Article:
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The Art of Concealment Whitetail Deer Hunting

Concealment, though it is often confused with camouflage is really much more. You cannot simply go out and buy a Ghillie Suit or some other high quality camouflage and expect to remain concealed. Concealment is the skill or art of keeping from being seen, found, discovered or observed; camouflage is just one step in concealment.

For this article we will use the example of a whitetail deer hunt, we will discuss how to keep concealed in different types of hunts, and how to place yourself in a position to get a good shot. There are typically 3 different types of deer hunting. Stationary hunting typically from a tree stand or blind is a method often used for bow hunting. The “Scope and Stalk” method also known as the “Sniper” Method is used by bow hunters and rifle hunters alike. The “drive” or walking hunt is typically used by larger hunting parties using rifles. Since it is not typically the objective of the driving hunt to remain camouflaged or concealed, we will not discuss the “drive” in this article.

We have already touched briefly on camouflage, and will return to it again later. When practicing concealment consider all of the senses your target has available, sight, scent and hearing are the most powerful ones.

With the wind in their favor whitetail deer can smell a human well over a mile away. There are “scent blockers” that may help, but the best result will always come when you position yourself downwind of the whitetail deer. This means walking into the wind, stalking into the wind and positioning your tree-stand such that your most likely shooting opportunity will be upwind.

Exercising a little common sense with regards to wind direction has now brought you well within the one mile zone of your prey. The next two challenges are really equally important; How do you beat the whitetail deer’s sight and hearing. It may be easier than you think, everything in nature moves and makes noise, so “if you can’t beat ‘em join ‘em”. Be as quiet as you can, but don’t be afraid to make a little noise. Just make the right type of noise at the right time. Listen for a wind gust blowing up through the tree tops and move when the background noise is near its peak. Watch how a deer moves, a couple steps and a pause, a few more steps and a pause. Constant evenly paced foot steps will give you away like a marching band. Be aware of your surrounding and make your noises appear natural.

Now we will return to camouflage. When you apply what you have learned so far with the proper application of camouflage you will be a master at concealment. When choosing camouflage, consider the two challenges you are up against with a whitetail deer’s sense of sight. The first is color and pattern, choose camouflage pattern that blends well with the surroundings. The second challenge is your profile or silhouette, if your hunting terrain and vegetation allow, a Ghillie Suit is a great way to diffuse or soften your profile.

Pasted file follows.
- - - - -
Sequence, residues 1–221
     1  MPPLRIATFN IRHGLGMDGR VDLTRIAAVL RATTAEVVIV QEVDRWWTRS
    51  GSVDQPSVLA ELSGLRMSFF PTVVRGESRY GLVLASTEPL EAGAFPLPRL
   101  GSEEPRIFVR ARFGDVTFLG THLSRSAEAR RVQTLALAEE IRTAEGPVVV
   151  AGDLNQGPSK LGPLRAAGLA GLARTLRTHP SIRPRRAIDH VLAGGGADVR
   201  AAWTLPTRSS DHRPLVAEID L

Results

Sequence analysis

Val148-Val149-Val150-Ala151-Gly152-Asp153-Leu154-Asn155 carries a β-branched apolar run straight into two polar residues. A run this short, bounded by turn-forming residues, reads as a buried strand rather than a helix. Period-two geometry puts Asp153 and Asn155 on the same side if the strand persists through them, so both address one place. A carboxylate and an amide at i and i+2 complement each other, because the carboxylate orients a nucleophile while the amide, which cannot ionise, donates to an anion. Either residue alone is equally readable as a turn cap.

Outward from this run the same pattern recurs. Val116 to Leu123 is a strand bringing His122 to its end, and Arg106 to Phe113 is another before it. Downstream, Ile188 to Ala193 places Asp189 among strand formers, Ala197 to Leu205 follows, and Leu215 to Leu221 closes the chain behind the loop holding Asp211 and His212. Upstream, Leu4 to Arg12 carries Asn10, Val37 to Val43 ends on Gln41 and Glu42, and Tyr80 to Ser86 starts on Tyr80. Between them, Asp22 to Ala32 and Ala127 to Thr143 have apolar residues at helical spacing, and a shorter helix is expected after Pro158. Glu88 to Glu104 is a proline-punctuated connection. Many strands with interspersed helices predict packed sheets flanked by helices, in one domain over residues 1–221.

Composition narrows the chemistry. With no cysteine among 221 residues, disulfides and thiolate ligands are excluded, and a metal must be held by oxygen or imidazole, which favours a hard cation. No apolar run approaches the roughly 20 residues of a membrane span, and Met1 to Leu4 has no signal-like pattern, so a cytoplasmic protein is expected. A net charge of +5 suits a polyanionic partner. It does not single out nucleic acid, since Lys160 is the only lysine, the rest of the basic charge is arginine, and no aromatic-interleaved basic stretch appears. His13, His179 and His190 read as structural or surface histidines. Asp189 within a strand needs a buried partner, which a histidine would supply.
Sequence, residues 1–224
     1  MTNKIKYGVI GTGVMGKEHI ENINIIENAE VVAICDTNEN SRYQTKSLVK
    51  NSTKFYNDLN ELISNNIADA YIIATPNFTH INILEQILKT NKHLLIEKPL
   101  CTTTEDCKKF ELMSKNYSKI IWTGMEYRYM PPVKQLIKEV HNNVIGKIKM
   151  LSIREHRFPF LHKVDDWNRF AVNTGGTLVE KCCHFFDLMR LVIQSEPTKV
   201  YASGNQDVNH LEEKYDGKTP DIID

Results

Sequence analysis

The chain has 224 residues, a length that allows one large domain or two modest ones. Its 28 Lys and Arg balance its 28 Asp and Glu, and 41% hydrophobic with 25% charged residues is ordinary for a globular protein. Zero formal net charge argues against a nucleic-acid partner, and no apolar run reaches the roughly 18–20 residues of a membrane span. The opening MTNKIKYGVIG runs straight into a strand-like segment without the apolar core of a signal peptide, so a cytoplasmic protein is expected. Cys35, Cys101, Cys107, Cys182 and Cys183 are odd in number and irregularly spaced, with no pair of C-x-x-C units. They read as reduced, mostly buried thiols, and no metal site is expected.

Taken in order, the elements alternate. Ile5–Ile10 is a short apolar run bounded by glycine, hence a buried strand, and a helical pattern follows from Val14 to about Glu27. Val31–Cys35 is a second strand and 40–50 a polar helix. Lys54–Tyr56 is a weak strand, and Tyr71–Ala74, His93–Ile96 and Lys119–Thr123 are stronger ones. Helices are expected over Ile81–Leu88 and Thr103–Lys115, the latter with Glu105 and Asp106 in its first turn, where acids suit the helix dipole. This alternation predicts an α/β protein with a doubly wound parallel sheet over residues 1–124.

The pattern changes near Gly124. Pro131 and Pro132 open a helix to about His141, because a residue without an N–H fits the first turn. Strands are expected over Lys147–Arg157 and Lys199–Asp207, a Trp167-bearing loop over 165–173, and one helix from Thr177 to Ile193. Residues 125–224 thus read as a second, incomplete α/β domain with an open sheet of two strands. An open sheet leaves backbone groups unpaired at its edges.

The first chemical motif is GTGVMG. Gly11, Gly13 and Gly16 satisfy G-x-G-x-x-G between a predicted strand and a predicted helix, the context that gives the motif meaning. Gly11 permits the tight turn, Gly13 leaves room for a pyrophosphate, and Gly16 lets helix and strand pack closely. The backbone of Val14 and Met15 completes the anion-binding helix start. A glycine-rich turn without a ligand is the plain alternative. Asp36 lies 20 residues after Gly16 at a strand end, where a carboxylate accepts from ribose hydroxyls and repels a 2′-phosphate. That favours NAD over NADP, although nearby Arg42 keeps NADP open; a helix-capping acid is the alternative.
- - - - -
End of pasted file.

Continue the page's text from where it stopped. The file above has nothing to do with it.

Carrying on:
Now that we are all experts in concealment, lets make a practical application of our new skill and some other helpful hunting knowledge. Remember, nature is lazy, water flows down hill, electricity takes the path of least resistance and have you ever seen a cow trail the goes up the steepest side of a hill? No. Keep this in mind when you are hunting.

When hunting from a tree stand, the goal is to hunt whitetail deer that are completely un-aware of your presence. Deer in transition between night feeding and morning bedding or between daytime bedding and evening feeding are great targets. They are not spooked, typically a combination of walking and standing until they get to the feeding grounds. When you are in a tree-stand or in a blind you cannot move so location is critical. It is a good idea to scout out several locations that may be effective in different wind.

Remember nature is lazy, much like water deer will follow low lying areas as long as possible. Position yourself at a natural bottle-neck in the terrain, where two or more couleesconverge or where a stand of trees is narrowed by hills, water, agricultural development, etc. Another option is to place yourself at the edge of the cover near the feeding area. Deer will often walk to the edge of the cover and stand for minutes at a time before they are comfortable enough to break cover and feed. This can provide some exceptional opportunities.

The Sniper method is different from hunting in a tree stand in a couple ways, typical Sniper hunting is performed during the day when the deer are not moving. The objecting is to conceal yourself in a position that offers a good viewing range, “scope” or “glass” the surrounding hills especially upwind. If you have not spotted any deer, back down the hill into some low lying gully or coulee, slowly and quietly make your way to a spot you have already scoped and are confident there are no deer. This will put you in a position where you will not disturb any un-scoped hunting ground while offering you a new vantage point to glass your new surroundings. When you have spotted a deer, chances are that it is out of range, this is where the stalk comes into play. Determine where you need to be to have a good shot and plan a route to get there that will keep you out of sight. Keep in mind all of the tips discussed earlier about movement and natural sounding noise and begin the stalk.

Happy hunting.

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